There’s something extraordinary and maybe terrifying about women exerting power. Women demanding equal rights, treatment, pay and respect, women dominating and punishing men make certain people’s skin crawl in disgust.

Critics have risen from their graves and Aquilina has received severe backlash for sentencing a sexual offender up to 175 years on top of the 60 he’s already serving on child pornography charges, in jail. Her scathing comments on Nassar were perhaps too harsh. Harsher than when Nassar blatantly, shamelessly abused young, ambitious girls who put their faith and trust in him.

She stated that it was her “privilege” to impose what she termed signing Nassar’s “death warrant”, which according to some was an uncalled for comment.

The people who care about everything good, happy and neutral in this world have piped up about how a judge’s role is only limited to an impartial arbiter and should be restricted by the law, and not guided by emotions or personal vengeance against the perpetrator.

And I agree with it, 100%. Judges should remain absolutely impartial but what Aquilina did wasn’t an embodiment of personal hatred against Nassar, it represented the feelings of probably every woman present in the courtroom.

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You’d imagine getting reduced to a pile of angry, hot tears when you’d hear woman after woman recounting about how Nassar abused her and raped her. Aquilina didn’t move to tears. She only grew more angry and stern. She only became more determined to seal Nassar’s fate and deliver justice to the 156 women who testified before her.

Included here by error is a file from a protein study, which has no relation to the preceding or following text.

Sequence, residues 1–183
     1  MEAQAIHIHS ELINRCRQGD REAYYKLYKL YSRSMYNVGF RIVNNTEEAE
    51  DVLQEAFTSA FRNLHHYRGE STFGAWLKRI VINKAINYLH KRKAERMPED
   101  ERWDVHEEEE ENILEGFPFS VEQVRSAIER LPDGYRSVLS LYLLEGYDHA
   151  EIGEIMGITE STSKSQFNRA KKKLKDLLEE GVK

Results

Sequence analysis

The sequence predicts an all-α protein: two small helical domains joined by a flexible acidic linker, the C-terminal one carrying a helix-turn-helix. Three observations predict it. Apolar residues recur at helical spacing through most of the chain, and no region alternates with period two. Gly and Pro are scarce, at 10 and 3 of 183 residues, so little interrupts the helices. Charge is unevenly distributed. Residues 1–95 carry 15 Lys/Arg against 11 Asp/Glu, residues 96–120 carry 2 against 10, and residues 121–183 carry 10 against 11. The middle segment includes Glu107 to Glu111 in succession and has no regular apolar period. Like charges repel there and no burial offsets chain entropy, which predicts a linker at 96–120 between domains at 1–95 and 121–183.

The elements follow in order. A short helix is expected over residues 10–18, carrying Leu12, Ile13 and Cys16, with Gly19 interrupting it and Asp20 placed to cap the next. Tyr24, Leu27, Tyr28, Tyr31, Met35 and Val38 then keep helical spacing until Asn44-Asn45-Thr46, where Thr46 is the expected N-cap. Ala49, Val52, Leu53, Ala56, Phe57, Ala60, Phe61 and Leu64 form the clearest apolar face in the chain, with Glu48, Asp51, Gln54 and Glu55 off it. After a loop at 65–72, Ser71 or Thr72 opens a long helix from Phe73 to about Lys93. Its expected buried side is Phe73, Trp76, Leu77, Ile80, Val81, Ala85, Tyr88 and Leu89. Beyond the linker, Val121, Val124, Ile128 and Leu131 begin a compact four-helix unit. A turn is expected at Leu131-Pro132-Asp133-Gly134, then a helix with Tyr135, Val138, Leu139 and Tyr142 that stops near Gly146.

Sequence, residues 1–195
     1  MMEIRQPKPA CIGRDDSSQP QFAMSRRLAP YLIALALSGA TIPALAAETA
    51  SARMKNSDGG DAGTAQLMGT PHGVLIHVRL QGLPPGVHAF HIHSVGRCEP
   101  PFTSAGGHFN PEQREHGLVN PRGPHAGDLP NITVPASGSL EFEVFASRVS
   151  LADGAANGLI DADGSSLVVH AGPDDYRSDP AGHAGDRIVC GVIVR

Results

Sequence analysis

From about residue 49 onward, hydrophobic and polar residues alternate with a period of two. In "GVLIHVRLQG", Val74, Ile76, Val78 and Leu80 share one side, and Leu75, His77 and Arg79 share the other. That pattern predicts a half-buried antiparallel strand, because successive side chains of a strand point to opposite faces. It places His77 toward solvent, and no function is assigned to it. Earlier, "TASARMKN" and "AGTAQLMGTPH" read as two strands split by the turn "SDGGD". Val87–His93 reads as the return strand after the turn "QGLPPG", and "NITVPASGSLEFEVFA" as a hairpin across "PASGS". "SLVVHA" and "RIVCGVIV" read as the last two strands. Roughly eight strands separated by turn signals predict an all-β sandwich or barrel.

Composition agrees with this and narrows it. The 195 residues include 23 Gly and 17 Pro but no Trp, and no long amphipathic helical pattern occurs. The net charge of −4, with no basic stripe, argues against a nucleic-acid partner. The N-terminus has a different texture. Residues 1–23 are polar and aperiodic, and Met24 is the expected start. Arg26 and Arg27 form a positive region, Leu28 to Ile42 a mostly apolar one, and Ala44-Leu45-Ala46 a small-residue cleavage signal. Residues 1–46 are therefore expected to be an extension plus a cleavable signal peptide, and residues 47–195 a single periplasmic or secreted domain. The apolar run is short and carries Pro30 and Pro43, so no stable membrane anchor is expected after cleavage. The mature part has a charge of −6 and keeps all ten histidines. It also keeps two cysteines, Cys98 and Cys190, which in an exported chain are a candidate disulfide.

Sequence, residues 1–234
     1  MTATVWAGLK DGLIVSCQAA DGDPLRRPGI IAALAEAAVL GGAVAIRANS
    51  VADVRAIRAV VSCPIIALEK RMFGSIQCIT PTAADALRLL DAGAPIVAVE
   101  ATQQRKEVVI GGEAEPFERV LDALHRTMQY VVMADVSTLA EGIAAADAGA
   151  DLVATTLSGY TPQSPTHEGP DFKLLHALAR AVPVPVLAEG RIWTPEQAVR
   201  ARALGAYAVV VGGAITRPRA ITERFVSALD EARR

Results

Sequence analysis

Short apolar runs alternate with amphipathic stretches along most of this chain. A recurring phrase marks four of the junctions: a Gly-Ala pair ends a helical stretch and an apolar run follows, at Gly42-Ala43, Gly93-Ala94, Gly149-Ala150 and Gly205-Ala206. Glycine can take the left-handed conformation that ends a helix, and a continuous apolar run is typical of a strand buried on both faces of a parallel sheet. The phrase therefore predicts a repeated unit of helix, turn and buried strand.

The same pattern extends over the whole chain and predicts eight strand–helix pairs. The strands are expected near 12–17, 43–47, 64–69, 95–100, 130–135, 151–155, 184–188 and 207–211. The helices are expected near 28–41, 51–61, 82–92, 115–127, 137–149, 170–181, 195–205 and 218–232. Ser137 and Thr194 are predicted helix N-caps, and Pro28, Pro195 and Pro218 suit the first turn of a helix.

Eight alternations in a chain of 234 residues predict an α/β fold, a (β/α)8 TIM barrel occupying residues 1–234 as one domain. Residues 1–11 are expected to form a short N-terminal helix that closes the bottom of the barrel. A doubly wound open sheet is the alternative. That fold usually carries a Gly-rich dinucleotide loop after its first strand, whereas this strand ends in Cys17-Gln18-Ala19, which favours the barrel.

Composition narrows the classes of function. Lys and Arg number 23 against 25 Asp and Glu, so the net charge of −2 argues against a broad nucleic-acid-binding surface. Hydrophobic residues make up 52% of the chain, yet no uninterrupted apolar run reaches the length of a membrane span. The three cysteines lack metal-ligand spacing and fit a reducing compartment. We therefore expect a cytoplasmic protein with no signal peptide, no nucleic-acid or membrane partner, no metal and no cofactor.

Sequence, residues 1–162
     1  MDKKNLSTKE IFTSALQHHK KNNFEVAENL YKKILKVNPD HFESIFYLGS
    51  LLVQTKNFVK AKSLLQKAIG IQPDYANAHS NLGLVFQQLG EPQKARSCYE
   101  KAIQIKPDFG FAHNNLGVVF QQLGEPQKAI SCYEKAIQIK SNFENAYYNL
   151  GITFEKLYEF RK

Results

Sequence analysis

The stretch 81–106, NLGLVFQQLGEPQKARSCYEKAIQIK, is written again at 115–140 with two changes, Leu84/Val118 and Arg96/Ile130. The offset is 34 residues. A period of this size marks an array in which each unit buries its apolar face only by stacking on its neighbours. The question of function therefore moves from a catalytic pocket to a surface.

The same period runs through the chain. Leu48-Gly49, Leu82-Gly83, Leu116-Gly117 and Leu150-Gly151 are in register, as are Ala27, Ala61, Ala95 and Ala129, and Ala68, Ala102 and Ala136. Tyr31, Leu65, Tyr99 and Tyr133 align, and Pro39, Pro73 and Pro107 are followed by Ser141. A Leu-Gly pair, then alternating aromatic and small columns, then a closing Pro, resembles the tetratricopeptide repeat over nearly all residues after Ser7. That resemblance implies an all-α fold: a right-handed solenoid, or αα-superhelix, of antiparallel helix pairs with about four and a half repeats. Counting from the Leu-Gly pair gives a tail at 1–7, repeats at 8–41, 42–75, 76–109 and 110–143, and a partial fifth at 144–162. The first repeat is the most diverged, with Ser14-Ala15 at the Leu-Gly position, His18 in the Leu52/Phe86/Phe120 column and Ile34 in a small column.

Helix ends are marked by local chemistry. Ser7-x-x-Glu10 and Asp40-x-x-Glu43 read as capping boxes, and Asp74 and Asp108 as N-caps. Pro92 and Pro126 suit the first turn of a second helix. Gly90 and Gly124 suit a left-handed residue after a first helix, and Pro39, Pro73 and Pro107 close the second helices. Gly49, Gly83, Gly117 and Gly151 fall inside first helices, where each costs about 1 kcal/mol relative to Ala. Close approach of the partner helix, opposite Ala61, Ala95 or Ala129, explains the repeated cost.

You should never expect a judge to mince his/her words for someone who kills, steals or rapes. Judge Aquilina can’t be admonished and doubted for doling out some harsh, bitter words to a man who admitted, (yes, admitted) that he sexually assaulted several dozens of women.

When she allowed the victims to tell their stories of abuse, Judge Aquilina was only honoring, not contradicting, a time-sensitive tradition of the judicial system. Nassar wrote a 6-page letter to Judge Aquilina, saying how ‘hard it is for him to listen to the testimonies of his victims’.